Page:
Orsted and BP plan to jointly produce green hydrogen in Germany using offshore wind power.
The Danish renewables giant and oil supermajor have signed a letter-of-intent to build a 50MW electrolyser at BP’s Lingen refinery in northwest Germany, with H2 produced using power from an Orsted offshore wind farm.
The partners said the project is a first step towards a long-term ambition for 500MW of electrolyser capacity that could replace with renewable H2 all the refinery’s existing demand, which is currently met by grey hydrogen from fossil fuels.
The project could be up and running by 2024 subject to a final investment decision in early 2022. The first 50MW phase could produce about 9,000 tonnes of hydrogen annually, or about 20% of the total.
The planned scale of the project could help drive down the cost of green hydrogen against grey, and the ‘blue’ variety from abated fossil fuels, both of which currently hold a significant cost advantage over renewable H2, said Orsted.
Martin Neubert, CEO of offshore wind for the Danish group said: “Heavy industries such as refineries use large quantities of hydrogen in their manufacturing processes. They will continue to need hydrogen, but replacing the current fossil-based hydrogen with hydrogen produced from renewable energy can help these industries dramatically lower their CO2 footprint.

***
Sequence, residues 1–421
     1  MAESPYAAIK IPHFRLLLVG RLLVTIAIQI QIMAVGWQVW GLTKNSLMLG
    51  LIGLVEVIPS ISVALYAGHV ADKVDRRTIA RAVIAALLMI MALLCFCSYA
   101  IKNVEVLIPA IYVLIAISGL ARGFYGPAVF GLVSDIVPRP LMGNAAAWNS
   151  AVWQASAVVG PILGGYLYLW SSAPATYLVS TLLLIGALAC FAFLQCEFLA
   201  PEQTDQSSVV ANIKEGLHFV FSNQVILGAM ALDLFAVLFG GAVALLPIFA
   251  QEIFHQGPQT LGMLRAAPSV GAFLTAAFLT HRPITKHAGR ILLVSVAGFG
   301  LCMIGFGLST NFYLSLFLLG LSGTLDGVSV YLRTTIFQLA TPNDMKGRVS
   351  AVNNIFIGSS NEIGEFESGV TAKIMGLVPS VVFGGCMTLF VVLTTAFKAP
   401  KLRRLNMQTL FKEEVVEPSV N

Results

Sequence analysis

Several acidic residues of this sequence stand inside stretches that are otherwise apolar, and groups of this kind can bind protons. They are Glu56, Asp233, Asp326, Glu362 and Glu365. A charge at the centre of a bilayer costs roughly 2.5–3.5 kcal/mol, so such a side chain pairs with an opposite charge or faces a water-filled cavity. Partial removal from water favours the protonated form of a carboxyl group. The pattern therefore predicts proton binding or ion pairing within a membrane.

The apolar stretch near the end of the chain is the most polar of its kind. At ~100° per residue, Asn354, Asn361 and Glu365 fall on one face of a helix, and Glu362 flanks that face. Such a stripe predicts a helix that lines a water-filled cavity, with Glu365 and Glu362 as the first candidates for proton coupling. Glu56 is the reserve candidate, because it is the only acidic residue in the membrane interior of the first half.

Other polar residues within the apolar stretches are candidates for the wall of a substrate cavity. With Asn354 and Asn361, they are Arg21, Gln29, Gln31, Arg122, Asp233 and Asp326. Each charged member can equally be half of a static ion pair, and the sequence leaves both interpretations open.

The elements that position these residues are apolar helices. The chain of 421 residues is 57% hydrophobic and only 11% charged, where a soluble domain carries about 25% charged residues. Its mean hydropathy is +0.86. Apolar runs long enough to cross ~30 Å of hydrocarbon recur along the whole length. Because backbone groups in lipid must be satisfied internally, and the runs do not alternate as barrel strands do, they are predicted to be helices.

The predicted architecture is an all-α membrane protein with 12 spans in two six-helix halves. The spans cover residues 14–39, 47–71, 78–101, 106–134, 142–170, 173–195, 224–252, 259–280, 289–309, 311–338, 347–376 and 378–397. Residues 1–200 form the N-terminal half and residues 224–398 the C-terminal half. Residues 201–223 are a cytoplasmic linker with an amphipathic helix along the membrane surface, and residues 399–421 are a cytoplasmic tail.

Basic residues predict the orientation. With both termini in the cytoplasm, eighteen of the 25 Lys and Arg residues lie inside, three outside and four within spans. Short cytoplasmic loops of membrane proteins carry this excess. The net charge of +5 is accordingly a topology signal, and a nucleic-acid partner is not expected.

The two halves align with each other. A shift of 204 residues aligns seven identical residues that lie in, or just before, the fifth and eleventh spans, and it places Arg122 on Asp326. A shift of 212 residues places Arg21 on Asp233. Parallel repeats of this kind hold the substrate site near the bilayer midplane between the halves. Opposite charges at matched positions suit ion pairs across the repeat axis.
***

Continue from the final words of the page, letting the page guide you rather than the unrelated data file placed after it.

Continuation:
“But first, renewable hydrogen has to become cost competitive with fossil-based hydrogen, and for that we need projects such as this with BP’s Lingen refinery which will demonstrate the electrolyser technology at large scale and showcase real-life application of hydrogen based on offshore wind.”
BP – which has this year dramatically ramped-up its low-carbon ambitions, including through an offshore wind partnership with Equinor in the US – said Lingen, which processes about five million tonnes of oil a year, could act as a test bed for its growth in green H2.
“We are determined to build a leading position in this emerging industry. Bringing together Ørsted and BP, Lingen Green Hydrogen offers the opportunity both to accelerate significant emissions reduction in our refinery and build experience of large-scale green hydrogen production and deployment.”
The partners will apply for EU funding for the project.
Lingen is already the site of green hydrogen activity by BP, which earlier this year linked with utility RWE, chemicals producer Evonik and gas grid operators to sign a memorandum of understanding (MoU) for the construction of Germany’s first network connecting producers of green hydrogen with industrial customers.
Offshore wind is increasingly seen as an ideal partner for green hydrogen production thanks to its huge power output.
BP's rival Shell is already involved in several offshore wind-to-hydrogen initiatives in Europe, while floating wind is seen as having the potential to carry out electrolysis far from shore and pump H2 back to land, effectively creating floating hydrogen plants.